People v. Gutierrez
NJDC joins Juvenile Law Center and several other organizations in an amicus brief filed in the California Supreme Court in support of the position that the presumptive penalty of life without parole for 16- and 17-year-old juveniles convicted of homicide with special circumstances violates the Eighth Amendment and runs counter to the United States Supreme Court’s decision of Miller v. Alabama.
Amici argued that deviation from the presumption requires exceptional circumstances far beyond those deemed satisfactory under Miller‘s individualized sentencing requirement. Amici asserted the presumptive sentence contradicts the Miller Court’s determination that sentencing juveniles to the harshest possible penalty, such as LWOP, should be “uncommon.” Amici also argued that the statute contravenes Miller’s requirement of individualized sentencing, because the statute does not allow for a careful balancing of individualized factors relating to the juveniles culpability. In this case, the sentencing judge did not analyze how the defendant’s age and development may have influenced his actions and involvement, nor did the court review other related characteristics such as potential for rehabilitation as required by Miller. Finally, amici also argued that a meaningful opportunity for release standard, as discussed in Graham v. Florida, should be afforded to all juveniles.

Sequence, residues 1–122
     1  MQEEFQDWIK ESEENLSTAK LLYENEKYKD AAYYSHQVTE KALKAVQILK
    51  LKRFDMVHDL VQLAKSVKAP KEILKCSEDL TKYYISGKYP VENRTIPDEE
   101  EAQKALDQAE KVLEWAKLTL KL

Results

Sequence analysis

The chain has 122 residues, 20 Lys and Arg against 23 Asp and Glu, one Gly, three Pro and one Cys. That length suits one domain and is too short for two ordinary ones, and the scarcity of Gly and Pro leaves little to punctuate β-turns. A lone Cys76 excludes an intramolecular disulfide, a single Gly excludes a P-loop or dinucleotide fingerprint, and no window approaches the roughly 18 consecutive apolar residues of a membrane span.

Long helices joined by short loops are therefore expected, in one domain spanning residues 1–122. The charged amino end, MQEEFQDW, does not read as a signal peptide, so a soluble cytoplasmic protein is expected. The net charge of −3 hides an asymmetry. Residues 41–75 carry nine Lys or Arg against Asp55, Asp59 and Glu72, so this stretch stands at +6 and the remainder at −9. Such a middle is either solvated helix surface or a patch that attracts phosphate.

Court: California Supreme Court
Filed: September 18, 2013 (download .pdf)
Amicus Brief Discusses: Adolescent Development; Juvenile Life Without Parole Post-Miller; Sentencing
Oral Argument: Pending